“For me, the firm that jumped to the top was Elaine Keiser Architects,” he said, adding that she answered his every question concisely and completely, and offered additional information on energy-saving features, technology, building design and a detailed cost breakdown for each room—something none of the other firms provided or even discussed.
“Is this a matter of being penny-wise and pound foolish?” Gaylord said. “Saving a couple dollars up front but finding out on the back end that difference is going to be equal or greater than what we would have invested to begin with.”
Keiser’s bid came in at $87,790. Boyne City Commissioner Delbert “Gene” Towne said he supports the recommendation of Environmental Architects.
Boyne City Commissioner Tom Neidhamer said he was sure the other architects were creative and skilled but that Environmental Architects had familiarity with the city. He was impressed with how they talked about the process and their choice in working with another local firm, and that their working on both the pavilion and the city facilities projects could end up being a good thing.
Neidhamer said he was confident with the recommendation to hire Environmental Architects.
Boyne City Mayor Ron Grunch said, in order to sell the project to the taxpayers, it may take a 30- or 40-year municipal bond that ties both the Veterans pavilion and the city facilities projects together.
“Whoever we approve, I think it really requires discernment,” Grunch said, adding that he felt Elaine Keiser’s presentation was the more astute proposal.
Grunch said the shorter time-line proposed by Environmental Architects could leave out certain stakeholders.
Ultimately, Grunch said he would like to see Elaine Keiser Architects hired; but, he said the city would do well to bring both firms back for a second round of interviews.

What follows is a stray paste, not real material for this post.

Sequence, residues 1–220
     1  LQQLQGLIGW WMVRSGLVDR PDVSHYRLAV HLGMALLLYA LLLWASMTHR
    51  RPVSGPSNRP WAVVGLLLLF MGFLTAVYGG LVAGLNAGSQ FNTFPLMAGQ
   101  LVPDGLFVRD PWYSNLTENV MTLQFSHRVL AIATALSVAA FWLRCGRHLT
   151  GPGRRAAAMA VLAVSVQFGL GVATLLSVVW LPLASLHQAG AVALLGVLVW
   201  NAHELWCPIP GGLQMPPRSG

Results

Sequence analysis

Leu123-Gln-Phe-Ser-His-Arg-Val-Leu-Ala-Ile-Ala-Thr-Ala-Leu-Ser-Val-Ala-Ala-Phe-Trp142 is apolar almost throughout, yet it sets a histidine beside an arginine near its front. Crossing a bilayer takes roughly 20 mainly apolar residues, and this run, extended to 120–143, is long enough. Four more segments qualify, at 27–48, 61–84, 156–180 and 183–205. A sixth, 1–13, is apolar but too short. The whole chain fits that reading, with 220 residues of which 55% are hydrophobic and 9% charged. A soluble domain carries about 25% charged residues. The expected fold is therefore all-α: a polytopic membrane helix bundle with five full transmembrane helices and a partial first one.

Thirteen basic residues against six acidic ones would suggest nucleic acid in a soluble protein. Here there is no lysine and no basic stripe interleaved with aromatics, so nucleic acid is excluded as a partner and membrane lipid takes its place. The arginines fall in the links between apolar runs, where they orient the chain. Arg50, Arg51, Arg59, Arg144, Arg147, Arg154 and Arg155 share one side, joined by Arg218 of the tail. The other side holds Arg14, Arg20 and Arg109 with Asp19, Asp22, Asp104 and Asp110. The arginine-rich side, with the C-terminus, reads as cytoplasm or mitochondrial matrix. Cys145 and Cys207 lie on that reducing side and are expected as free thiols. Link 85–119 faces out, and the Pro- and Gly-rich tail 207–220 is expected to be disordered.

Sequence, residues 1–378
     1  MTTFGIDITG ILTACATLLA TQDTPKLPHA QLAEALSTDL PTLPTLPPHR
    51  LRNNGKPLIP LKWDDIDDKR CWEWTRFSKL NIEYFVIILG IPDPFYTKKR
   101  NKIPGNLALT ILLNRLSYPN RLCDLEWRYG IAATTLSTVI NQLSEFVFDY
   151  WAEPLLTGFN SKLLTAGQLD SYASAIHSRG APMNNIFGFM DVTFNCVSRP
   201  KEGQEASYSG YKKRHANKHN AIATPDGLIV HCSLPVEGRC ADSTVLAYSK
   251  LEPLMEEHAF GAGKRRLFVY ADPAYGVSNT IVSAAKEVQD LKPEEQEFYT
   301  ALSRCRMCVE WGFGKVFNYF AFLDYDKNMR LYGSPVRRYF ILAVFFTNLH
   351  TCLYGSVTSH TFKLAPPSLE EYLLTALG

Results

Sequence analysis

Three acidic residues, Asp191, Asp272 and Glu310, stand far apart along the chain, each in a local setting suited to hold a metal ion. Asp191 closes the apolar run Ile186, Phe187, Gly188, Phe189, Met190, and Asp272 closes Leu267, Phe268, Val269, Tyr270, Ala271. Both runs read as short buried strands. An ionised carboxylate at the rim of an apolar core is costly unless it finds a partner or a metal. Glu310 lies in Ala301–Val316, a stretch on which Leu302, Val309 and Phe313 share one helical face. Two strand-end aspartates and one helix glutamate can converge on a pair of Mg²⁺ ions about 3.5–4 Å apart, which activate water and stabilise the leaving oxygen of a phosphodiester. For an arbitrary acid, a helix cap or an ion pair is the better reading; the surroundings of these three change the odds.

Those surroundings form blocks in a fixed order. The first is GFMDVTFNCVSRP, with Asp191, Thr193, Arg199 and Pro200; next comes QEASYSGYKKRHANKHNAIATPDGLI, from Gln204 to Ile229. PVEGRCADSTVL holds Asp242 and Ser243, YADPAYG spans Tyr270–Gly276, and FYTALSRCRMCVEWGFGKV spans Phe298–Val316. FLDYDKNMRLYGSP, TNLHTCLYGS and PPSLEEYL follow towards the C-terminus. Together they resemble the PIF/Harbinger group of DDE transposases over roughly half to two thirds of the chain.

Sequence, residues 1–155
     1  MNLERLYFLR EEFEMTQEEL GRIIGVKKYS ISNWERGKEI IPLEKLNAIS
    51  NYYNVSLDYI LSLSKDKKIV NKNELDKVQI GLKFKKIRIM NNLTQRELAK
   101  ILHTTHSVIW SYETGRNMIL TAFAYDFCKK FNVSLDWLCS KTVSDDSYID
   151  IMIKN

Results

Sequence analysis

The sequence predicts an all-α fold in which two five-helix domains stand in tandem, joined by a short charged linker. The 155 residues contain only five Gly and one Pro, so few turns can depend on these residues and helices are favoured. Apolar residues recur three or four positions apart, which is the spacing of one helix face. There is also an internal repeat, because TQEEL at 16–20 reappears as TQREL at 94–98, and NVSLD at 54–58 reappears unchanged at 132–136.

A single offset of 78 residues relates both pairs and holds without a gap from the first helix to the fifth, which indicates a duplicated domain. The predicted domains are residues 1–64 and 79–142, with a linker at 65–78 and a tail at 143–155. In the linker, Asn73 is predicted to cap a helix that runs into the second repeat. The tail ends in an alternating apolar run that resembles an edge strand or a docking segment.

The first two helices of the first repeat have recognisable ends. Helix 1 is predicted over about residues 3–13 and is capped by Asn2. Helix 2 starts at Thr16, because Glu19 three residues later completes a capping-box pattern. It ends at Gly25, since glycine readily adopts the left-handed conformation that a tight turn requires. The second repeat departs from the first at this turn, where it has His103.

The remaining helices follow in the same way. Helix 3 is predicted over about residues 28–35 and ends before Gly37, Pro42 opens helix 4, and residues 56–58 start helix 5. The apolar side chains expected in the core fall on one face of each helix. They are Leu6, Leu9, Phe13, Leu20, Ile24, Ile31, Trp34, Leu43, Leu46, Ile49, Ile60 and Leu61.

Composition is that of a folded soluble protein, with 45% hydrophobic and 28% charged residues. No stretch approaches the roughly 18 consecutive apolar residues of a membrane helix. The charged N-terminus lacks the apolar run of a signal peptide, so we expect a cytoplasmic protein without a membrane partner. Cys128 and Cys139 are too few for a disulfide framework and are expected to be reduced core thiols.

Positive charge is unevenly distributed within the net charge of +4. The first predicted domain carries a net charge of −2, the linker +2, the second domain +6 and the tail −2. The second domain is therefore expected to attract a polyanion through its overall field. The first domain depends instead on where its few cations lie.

Neidhamer said a second round of interviews might not hurt but they seemed unnecessary.
He also requested that city staff work up a proposal on how much funding a one-mil tax levy would generate over both a 30- and 40-year period.
Cain told commissioners that Environmental Architects scored highest among the city staff, and that THA came in with the second highest score; Elaine Keiser Architects came in at third place in the rankings.
Cain said Environmental Architects was the only firm which received only first and second choice rankings by city administrative staff and department heads.
Gaylord said he took city staff recommendations into account in his decision, and added that Elaine Keiser was a planning commissioner for 12 years, which gave her additional insight into the importance of public participation in the process.
Gaylord said he is confident Elaine Keiser’s firm will help create an efficient, practical facility that meets the needs of both the city staff and the public.
Neidhamer said the same could be said for Environmental Architects, adding that he would rather go with the firm most chosen by the city’s department heads.
Both Grunch and Gaylord voted “no” on the motion to hire Environmental Architects.